Dolmas (Stuffed Grape Leaves)
Classic meat and rice filled dolmas get a huge boost of flavor with herbs and two ingredients I love. They can also easily be made without meat, too.
My husband is nothing if not consistent, particularly when it comes to food. Actually, maybe predictable is the better word to use. Fruit and oatmeal for breakfast, a salad or turkey sandwich for lunch, fish and veggies for dinner. And if we’re dining out and there are tomatoes in the fish selection I silently count down 3-2-1 before I hear, “You never serve tomatoes (he really means tomato-based sauce) with fish.”
That last bit is his personal peeve and there’s a cute story about how this strong aversion to fish and tomatoes together came about but it’s for another day.
When it comes to snacks or small bites, dolmas are one of my husband’s favorites. Our local grocers have carried them for years so I’d never been compelled to make them at home until I began to notice a decline in quality over the last few purchases. The dolmas have either been undercooked or too bland. Absent has been the lemony kick that I’ve come to associate with a properly prepared dolma–there hasn’t been even a hint of it recently.
I love a good challenge in the kitchen so I set about to make my own dolmas.
What are Dolma? Tolma? Dolmas? Dolmades? Dolmathes?
Dolmas are stuffed grape leaves and while I had always believed them to be Greek in origin, I’ve learned that there is great debate about where they really came from. Some sources suggest that dolmas traversed across continents during the Ottoman Empire. Today they are considered a traditional food in (but not limited to) Armenia, Turkey, Greece and the Middle East.
In some cultures dolma is defined as any stuffed vegetable, not just grape leaves, but the stuffing almost always contains rice and sometimes meat. The mix of spices and herbs or the use of tomatoes, nuts or currants are dictated by region and also what they’re served with. Tzatziki, avgolemono sauce or simply olive oil and lemon are common accompaniments, depending on a recipe’s origin.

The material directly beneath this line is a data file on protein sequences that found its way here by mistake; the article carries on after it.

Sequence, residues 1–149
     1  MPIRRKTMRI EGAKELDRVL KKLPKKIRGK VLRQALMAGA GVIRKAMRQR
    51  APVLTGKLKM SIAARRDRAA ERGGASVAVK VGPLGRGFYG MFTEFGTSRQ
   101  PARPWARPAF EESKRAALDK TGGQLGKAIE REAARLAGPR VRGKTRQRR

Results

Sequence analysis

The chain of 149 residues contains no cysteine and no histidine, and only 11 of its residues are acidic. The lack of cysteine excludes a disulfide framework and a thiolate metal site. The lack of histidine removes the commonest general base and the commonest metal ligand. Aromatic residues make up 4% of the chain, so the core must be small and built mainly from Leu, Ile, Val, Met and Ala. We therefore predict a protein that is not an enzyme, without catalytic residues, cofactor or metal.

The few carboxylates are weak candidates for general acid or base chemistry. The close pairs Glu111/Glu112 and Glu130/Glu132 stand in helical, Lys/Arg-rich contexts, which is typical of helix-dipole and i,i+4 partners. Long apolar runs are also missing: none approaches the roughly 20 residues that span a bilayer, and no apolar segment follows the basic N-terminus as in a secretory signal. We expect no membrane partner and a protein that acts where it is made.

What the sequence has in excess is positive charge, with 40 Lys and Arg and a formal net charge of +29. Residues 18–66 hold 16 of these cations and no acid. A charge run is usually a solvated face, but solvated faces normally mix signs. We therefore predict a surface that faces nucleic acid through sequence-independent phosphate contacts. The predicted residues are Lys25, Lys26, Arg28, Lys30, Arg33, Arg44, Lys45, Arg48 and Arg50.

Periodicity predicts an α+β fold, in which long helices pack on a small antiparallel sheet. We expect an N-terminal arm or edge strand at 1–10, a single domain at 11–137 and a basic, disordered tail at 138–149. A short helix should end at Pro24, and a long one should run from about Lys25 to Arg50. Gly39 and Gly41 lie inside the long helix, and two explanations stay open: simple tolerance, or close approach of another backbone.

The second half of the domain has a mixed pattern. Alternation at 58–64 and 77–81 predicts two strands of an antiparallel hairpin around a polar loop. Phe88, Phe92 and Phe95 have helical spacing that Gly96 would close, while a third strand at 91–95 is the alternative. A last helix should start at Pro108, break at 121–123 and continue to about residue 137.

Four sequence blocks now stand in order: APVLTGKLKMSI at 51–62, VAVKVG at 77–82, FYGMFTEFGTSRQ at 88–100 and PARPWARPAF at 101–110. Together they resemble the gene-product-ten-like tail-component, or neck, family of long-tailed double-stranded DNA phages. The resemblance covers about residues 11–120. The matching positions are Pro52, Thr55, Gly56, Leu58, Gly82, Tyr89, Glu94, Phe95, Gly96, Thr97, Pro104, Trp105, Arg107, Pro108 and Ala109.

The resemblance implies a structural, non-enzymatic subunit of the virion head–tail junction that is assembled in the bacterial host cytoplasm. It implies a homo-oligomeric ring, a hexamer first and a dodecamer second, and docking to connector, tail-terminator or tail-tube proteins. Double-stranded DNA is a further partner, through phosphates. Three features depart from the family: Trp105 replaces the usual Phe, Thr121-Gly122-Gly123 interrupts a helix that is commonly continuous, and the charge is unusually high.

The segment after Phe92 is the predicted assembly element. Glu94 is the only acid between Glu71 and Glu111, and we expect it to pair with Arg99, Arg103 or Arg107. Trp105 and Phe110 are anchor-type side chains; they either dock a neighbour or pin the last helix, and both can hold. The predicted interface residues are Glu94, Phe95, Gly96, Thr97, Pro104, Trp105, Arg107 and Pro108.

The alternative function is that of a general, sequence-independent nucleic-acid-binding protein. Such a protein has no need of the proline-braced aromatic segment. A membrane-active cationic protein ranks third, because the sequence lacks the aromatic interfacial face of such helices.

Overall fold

Just like there’s not just one way to prepare Chicken Adobo or Ragú all Bolognese, there is more than one traditional dolma recipe. This was a good thing for me as I both wanted to maintain the integrity of a traditional dolma and put my spin on it, too.
If you’ve seen my last post, you’ll agree that I’ve been on a preserved lemon kick lately. I’ve been going through jars of them, using a little here and there whenever a recipe would permit. My love for lemons runs deep and strong and preserved lemons are, as my niece might say, extra. Preserved lemons are bold and bright and using them in these dolmas–along with some crushed Calabrian Chilies–was my antidote to the flavorless ones from the market that have disappointed me lately.
I also loaded up on the herbs. In fact, the Mixed-Herb and Preserved Lemon Gremolata recipe I posted last became the flavorful base for my first two batches of dolmas but you can use any herb mix you prefer.
And where the market varieties are typically sold without meat, I used just a little ground beef in mine to give them more substance. The resulting dolmas were an instant hit with my husband and our friends who were happy to receive samples from my first batch.